After all of the rumors that are spreading about the future of northern Israel and most particularly the Golan Heights, I decided to pack my bags (including of course a tasting glass, a fork, and a knife) and head up north on a culinary mission. I invited my good friend Yuval to join me and on the way to the Golan we began planning out our route. We spent the first night at friend’s farm not to far from Katzrin where we enjoyed a Barbeque dinner that would satisfy any carnivore and a bottle of the Yarden, Syrah, 2003. Little did I know then that we were only warming up for the Friday night feast which would be the highlight of our trip.
On Friday morning we had planned to visit the Pelter winery, which in my opinion produces some of the finest white wines in the country, my favorite Pelter wine is the unwooded Chardonnay, unfortunately founder and wine maker Tal Pelter was unavailable and we decided to postpone our visit.
Luckily, Avigdor, our host for dinner had a chilled bottle of the Pelter Chardonnay, and as soon as I noticed this I knew that we were off to a good start. Situated in the picturesque village of Shear Yishuv “Pausa” is a gourmet inn offering a unique and pampering experience. The resort was established almost four years ago by Avigdor and Einat Rothem who dreamed of a place where they can do what they do best and enjoy most: Entertain, Pamper, and Host.
The resort grounds include eight rooms, an outdoor Jacuzzi, a vineyard, a vegetable and herb garden and an impressive dinning area where guests have the opportunity to meet while enjoying a lovely meal.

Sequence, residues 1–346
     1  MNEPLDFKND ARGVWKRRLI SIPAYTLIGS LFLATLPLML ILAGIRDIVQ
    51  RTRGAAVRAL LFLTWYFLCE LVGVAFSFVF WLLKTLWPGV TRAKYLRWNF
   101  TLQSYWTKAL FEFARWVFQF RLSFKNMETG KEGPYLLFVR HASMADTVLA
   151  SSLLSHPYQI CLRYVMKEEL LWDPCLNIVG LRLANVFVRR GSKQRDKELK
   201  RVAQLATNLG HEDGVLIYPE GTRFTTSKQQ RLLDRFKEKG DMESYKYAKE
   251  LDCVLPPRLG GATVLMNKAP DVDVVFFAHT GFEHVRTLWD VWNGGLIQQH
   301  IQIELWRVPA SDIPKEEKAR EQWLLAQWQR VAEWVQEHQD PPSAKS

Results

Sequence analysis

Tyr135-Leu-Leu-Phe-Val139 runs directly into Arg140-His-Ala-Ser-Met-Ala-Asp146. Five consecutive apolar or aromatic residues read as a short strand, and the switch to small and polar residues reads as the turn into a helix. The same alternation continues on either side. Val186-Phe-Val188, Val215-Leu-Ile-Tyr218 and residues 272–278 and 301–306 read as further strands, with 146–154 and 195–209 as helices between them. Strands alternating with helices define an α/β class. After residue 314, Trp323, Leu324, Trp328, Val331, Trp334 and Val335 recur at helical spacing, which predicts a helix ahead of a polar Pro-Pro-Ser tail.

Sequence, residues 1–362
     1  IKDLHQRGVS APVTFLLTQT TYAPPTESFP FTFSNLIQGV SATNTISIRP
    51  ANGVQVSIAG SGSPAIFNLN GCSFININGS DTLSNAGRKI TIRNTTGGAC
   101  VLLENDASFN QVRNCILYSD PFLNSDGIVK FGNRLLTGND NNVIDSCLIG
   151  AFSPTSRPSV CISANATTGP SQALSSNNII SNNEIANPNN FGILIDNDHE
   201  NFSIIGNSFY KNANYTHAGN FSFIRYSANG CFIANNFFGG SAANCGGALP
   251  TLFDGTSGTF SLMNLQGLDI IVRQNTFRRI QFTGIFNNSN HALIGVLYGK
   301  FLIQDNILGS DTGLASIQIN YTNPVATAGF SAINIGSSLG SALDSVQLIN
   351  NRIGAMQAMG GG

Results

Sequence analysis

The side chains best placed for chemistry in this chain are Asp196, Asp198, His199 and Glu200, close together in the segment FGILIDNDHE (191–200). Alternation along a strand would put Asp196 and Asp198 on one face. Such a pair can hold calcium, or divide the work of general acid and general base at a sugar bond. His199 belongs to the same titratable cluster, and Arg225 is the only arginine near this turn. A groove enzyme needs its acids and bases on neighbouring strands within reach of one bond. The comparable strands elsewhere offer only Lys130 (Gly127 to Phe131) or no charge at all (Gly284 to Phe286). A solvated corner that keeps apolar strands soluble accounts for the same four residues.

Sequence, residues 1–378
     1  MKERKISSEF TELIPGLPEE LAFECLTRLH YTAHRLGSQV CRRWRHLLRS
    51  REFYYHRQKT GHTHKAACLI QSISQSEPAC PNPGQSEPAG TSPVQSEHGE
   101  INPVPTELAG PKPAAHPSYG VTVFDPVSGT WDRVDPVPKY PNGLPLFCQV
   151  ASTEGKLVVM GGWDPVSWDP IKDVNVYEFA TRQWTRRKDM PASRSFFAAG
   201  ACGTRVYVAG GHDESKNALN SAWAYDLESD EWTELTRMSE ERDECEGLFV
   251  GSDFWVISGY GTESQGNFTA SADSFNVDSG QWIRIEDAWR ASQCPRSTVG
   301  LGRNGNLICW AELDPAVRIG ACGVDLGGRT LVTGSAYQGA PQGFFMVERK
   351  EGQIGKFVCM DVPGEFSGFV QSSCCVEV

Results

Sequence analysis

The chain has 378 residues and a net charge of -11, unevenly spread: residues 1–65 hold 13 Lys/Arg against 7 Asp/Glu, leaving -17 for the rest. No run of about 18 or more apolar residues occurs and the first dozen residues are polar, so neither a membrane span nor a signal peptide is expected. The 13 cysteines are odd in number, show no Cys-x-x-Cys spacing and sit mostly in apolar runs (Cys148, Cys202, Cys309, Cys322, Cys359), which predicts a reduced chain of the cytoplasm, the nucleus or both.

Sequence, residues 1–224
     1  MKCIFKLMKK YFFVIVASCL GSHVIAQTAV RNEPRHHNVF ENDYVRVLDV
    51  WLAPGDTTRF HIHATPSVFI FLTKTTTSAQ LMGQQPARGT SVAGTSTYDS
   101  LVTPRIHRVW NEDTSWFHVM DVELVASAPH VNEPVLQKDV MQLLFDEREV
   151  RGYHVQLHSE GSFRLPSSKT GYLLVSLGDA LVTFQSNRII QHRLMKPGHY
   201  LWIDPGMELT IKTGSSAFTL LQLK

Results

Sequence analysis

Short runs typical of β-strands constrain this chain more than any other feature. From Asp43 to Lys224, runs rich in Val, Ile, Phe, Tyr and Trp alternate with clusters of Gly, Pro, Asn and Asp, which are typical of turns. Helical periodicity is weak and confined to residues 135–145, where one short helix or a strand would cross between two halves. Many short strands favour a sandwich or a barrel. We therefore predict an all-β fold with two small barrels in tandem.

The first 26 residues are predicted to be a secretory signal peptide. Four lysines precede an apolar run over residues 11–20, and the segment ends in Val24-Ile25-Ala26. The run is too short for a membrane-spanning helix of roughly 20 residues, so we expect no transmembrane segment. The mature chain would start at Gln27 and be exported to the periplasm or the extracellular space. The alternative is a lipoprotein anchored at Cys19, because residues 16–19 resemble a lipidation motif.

Our Friday night feast started off with a glass of “Bubbly” and a toast celebrating one of the guest’s birthday. This was accompanied by tempura battered carrots, sage and stevia leaves. We were then seated and a dish with small cavities filled with saut?ed forest mushrooms in butter, garlic and herbs arrived. While filling up our glass with Pelter’s Chardonnay, Avigdor explained that this was a classic plate usually used to serve escargot.
Avigdor and Einat pay close attention to detail and match a different wine to each course. Among the wines served we also sampled the Gamla Chardonnay and a white wine produced from grapes harvested at the “Pausa” vineyard. The entr?e was a roasted leg of lamb on a bed of a root vegetable puree; and again wine was poured, this time one of Pelter’s reds: “Trio”, a blend of Cabernet Sauvignon, Merlot and Cabernet Franc. The “Trio” is showing plenty of red fruit flavors and aromas particularly plums and berries, a hint of pepper and a slightly alcoholic finish.
Another fact that I found very impressive is that “Pausa’s” cuisine and cooking methods are in accordance to the slow-cooked food philosophy and tradition. Thus, emphasizing the use of quality and seasonal fresh produce.
To sum it all up, “Pausa” provides guests with a unique opportunity to take a break in a relaxing, refreshing, and refined atmosphere.
Tip of the Week: Serving Temperature
Chardonnay should usually be served chilled rather than cold. If the Chardonnay is too cold, some of the fruity flavors will be muted.